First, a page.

|Year : 2015 | Volume
| Issue : 1 | Page : 255-257
Prune Belly syndrome: A rare case report
Sunil Kumar Samal, Setu Rathod
Department of Obstetrics and Gynaecology, Mahatma Gandhi Medical College and Research Institute, Puducherry, India
|Date of Web Publication||14-Jan-2015|
Dr. Sunil Kumar Samal
T-D, Type II Staff Quarters, Mahatma Gandhi Medical College and Research Institute, Pillaiyarkuppam, Puducherry - 607 402
Source of Support: None, Conflict of Interest: None
| Abstract|| |
Prune Belly syndrome (PBS) is a rare congenital anomaly of uncertain etiology almost exclusive to males. We report a case of term male baby born to a 39-year-old grand multipara with previous four normal vaginal births. There was no history of genetic or congenital anomaly in her family. Examination of the baby revealed hypotonia, deficient abdominal muscle, cryptorchidism, palpable kidney, and bladder. Ultrasound examination of the abdomen revealed bilateral gross hydronephrosis and megaureter. Provisional diagnosis of PBS was made and the baby was admitted in neonatal intensive care units for further management. Routine antenatal care with ultrasonography will help in detecting renal anomalies, which can be followed postnatally. Early diagnosis of this syndrome and determining its optimal treatment are very important in helping to avoid its fatal course.
Keywords: Cryptorchidism, hydroneprosis, megaureter, Prune Belly syndrome
|How to cite this article:|
Samal SK, Rathod S. Prune Belly syndrome: A rare case report. J Nat Sc Biol Med 2015;6:255-7
| Introduction|| |
Prune Belly syndrome (PBS) is a rare congenital disorder affecting about 1 in 30,000 births  of which about 96% of those affected are male.  It is characterized by deficient development of abdominal muscles that causes the skin of the abdomen to wrinkle like a prune, bilateral cryptorchidism, abnormalities of the urinary tract such as bilateral gross hydronephrosis, megaureter and megacystitis.  The exact etiology of PBS is not known; however, some of the studies reveal the possibility of genetic inheritance and possible association with trisomy 18 and 21. , The prognosis of babies with PBS is poor with stillbirths and early infant deaths being common. We report a case of male baby with PBS because of its rarity and term birth.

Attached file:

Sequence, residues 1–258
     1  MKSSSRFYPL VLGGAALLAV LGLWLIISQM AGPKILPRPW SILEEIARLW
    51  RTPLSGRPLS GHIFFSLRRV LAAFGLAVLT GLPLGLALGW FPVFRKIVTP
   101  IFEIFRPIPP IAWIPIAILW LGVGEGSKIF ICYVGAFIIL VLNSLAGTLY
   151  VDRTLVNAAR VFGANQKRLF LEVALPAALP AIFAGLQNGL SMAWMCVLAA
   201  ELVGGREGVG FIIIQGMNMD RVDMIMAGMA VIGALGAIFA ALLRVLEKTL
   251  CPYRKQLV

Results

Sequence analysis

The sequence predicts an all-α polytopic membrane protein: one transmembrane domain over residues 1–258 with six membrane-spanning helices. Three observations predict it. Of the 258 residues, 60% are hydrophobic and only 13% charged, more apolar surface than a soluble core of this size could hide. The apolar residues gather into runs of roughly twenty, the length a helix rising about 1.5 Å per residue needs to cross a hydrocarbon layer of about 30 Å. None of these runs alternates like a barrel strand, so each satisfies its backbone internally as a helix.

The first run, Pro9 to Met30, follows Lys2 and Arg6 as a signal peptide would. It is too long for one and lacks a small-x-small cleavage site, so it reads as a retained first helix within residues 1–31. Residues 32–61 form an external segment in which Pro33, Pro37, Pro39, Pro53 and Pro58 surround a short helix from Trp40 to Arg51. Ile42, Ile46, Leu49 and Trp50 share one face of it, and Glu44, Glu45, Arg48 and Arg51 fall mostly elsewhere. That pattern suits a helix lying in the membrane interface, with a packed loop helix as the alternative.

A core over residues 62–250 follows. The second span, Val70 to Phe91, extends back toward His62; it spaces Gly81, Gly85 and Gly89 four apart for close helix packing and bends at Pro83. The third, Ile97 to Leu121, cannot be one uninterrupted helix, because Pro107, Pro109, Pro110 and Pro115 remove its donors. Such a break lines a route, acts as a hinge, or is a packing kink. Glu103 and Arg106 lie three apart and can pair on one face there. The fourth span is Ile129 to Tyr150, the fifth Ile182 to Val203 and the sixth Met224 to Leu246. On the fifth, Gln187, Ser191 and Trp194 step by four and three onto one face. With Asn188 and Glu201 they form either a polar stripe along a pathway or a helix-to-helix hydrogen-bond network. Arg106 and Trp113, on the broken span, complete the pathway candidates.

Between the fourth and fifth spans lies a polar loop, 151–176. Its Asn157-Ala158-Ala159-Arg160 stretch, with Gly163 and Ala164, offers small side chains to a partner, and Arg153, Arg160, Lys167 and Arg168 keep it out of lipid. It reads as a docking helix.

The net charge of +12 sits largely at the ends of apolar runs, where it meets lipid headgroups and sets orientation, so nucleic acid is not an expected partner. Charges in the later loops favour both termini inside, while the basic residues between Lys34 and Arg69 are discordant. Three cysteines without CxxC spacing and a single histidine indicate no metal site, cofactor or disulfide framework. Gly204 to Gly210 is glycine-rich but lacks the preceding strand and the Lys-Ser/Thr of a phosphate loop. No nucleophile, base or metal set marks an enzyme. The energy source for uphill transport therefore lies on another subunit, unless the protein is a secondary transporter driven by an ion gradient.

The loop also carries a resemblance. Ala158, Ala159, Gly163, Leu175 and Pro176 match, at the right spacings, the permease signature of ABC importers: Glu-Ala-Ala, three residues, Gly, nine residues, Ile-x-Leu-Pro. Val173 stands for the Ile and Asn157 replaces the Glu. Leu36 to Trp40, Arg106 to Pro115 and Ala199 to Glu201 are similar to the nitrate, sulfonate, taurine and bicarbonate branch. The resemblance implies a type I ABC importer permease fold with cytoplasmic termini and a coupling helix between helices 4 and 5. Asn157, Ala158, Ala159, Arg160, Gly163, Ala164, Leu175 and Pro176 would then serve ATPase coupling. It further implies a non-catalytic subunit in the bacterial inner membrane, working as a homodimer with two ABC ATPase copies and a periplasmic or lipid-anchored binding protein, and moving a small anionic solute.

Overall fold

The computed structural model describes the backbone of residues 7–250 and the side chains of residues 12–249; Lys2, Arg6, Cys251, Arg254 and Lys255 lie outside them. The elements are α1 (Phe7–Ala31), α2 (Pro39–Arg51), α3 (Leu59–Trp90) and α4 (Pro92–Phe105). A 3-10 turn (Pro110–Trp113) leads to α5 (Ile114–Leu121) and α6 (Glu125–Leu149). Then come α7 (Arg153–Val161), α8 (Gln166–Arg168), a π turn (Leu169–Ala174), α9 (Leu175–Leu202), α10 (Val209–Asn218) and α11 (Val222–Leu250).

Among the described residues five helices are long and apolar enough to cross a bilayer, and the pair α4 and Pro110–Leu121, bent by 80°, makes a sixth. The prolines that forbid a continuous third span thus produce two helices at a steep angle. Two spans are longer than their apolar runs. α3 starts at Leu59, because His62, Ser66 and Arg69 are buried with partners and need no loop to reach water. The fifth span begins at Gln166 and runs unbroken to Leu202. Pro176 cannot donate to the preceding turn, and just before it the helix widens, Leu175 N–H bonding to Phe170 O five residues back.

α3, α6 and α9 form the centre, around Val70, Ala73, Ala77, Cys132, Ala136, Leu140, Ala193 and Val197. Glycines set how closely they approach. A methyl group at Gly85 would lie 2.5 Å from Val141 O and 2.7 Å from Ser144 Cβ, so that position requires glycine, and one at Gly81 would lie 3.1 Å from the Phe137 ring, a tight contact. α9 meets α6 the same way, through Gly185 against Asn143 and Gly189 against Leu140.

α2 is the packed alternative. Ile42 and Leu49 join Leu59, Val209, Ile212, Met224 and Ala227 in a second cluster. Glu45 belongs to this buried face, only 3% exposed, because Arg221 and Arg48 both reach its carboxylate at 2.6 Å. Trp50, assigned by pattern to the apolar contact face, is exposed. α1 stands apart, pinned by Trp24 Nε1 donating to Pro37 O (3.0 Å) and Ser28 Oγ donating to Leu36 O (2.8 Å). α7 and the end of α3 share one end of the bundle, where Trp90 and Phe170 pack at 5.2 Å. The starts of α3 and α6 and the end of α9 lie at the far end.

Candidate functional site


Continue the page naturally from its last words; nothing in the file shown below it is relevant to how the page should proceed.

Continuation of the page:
| Case Report|| |
A 39 years old unbooked G 5 P 4 L 4 A 0 at 39 weeks 5 days of gestation was admitted to our labor room complaining of labor pain. She had four previous normal vaginal deliveries. There was no history of prior antenatal care and she belonged to a tribal community with lower socioeconomic status. There was history of consanguineous marriage with her husband who was 42 years old and a daily laborer. There was no history of drug intake, radiation exposure or fever with rashes in this pregnancy. Neither was she a known case of diabetes nor was there any history of genetic or congenital anomaly in her family.
On examination, she was in the second stage of labor in cephalic presentation and regular fetal heart rate with fully dilated and taken up cervix. She delivered a term 2700 g female baby and the Apgar score was 7 and 9 at 1 and 5 min. Physical examination of the infant showed hypotonia. Abdominal examination revealed a distended abdomen with thin wrinkled skin and visible peristalsis [Figure 1] with palpable kidneys and bladder. Scrotal skin showed little rugae and no testes in the sac. Other systemic examination revealed no abnormality. Ultrasonography of the abdomen showed bilateral gross hydronephrosis with megaureter. The baby was referred to pediatric surgery department of higher center for further management.
|Figure 1: Prune Belly syndrome: Distended abdomen, thin wrinkled skin with visible peristalsis|
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| Discussion|| |